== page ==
The trade organisation for New Zealand wine has said the extent of the damage to vineyards caused by Cyclone Gabrielle is still being assessed.

The cyclone hit the North Island on February 12, moving down the east coast – home to both the Hawke’s Bay and Gisborne wine regions. New Zealand prime minister Chris Hipkins called it the biggest natural disaster the country has faced this century.

New Zealand Winegrowers CEO Philip Gregan said the clean-up process has started in Hawke’s Bay and Gisborne vineyards, with many wineries turning their attention to the harvest.

“Cyclone Gabrielle has occurred on the cusp of the busiest time of year for the industry,” he said, “just as the 2023 vintage is about to begin, and it is a major blow for affected growers and wineries throughout Hawke’s Bay and Gisborne. We have been working with our regional associations and government agencies to support and help them access the resources they need to ensure the future viability of their vineyards.”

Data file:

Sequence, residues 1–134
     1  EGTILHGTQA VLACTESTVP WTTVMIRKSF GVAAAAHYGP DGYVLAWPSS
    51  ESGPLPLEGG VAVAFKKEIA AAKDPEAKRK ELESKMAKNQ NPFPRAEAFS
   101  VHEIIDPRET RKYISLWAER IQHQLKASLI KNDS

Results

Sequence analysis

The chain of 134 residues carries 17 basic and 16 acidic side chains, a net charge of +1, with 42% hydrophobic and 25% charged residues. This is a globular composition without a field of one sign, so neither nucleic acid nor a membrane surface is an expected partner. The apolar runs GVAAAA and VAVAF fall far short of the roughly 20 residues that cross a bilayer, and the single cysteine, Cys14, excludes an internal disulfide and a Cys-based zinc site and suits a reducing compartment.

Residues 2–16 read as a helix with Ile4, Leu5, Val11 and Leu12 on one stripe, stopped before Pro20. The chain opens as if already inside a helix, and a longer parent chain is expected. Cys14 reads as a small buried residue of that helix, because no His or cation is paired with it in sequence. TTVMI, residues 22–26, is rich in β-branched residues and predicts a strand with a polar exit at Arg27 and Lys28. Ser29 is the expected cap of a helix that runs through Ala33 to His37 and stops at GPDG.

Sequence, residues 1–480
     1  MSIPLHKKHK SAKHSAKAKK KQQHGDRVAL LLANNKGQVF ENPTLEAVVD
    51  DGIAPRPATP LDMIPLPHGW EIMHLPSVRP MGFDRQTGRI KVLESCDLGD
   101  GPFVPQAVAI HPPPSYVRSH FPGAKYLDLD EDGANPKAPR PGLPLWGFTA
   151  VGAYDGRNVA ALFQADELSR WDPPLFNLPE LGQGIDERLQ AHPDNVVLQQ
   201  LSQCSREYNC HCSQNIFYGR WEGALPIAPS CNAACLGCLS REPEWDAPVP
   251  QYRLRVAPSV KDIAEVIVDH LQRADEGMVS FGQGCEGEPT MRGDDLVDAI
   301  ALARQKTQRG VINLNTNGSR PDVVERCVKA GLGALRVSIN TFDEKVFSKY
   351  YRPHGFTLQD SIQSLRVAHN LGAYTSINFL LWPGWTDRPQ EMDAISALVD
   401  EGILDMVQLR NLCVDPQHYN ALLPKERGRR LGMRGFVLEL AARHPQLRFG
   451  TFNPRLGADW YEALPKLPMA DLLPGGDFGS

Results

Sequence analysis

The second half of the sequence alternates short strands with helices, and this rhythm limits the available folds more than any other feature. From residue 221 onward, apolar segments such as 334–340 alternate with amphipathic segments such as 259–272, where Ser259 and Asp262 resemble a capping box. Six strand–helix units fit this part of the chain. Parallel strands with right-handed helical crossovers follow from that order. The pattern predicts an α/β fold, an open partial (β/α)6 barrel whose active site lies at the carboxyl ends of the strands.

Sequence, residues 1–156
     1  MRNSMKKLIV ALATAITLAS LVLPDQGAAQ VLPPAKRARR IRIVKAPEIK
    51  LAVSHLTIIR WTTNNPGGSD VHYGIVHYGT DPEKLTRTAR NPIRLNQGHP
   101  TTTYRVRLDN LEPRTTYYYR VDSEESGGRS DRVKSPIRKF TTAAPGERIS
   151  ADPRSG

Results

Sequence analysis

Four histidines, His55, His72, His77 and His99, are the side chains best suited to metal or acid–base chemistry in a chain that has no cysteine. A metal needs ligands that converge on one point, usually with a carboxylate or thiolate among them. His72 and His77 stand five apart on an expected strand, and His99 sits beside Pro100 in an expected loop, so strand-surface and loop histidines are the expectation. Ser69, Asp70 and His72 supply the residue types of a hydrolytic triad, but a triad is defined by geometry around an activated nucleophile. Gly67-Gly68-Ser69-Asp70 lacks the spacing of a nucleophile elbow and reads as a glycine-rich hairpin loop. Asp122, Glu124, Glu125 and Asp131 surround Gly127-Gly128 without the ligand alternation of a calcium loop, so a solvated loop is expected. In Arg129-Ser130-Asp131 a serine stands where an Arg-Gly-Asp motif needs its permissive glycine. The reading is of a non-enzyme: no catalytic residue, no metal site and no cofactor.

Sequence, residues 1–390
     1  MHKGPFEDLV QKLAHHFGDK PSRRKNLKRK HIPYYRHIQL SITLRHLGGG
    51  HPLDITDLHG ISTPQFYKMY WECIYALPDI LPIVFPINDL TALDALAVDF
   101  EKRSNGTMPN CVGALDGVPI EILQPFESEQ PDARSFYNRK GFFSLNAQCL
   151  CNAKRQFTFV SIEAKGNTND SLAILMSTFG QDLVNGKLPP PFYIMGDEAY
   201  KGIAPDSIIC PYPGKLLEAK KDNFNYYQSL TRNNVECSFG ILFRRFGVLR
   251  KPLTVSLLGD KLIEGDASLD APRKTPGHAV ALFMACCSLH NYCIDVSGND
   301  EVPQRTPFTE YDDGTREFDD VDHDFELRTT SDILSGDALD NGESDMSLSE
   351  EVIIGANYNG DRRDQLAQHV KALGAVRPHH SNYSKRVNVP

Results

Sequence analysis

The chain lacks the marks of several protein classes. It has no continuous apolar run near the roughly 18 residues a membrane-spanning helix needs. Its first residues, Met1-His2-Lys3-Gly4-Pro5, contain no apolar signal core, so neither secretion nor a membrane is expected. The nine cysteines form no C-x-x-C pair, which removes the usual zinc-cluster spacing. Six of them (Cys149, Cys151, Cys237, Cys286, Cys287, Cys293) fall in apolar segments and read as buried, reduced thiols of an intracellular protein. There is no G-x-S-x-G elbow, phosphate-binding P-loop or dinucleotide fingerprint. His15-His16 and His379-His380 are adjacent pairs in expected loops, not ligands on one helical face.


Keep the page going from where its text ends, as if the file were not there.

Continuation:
As the extent of the damage in flooded regions becomes clearer, Gregan said many winegrowers who have not been as extensively affected are moving on from the initial phase of response, to start the harvest.

“We have a large number of vineyards in both regions that have not been as significantly impacted by Cyclone Gabrielle, and these winegrowers are beginning to harvest their crop, with many producers still feeling positive and looking forward to a high-quality vintage,” added Gregan.

 Meanwhile, others, who have suffered damage to their vineyards and wineries, need help to begin recovery.

“Those affected have a long road ahead of them to assess the damage, undertake the clean-up and consider their future,” he said. “The recovery funding announced by the Government this week is a good start to making this all possible, and future financial relief that is expected to be announced in due course will be appreciated.

“The ongoing challenges over the past few years have proven the resilience and adaptability of the New Zealand wine community, and the impact of Cyclone Gabrielle has been met with the same strength and determination.”

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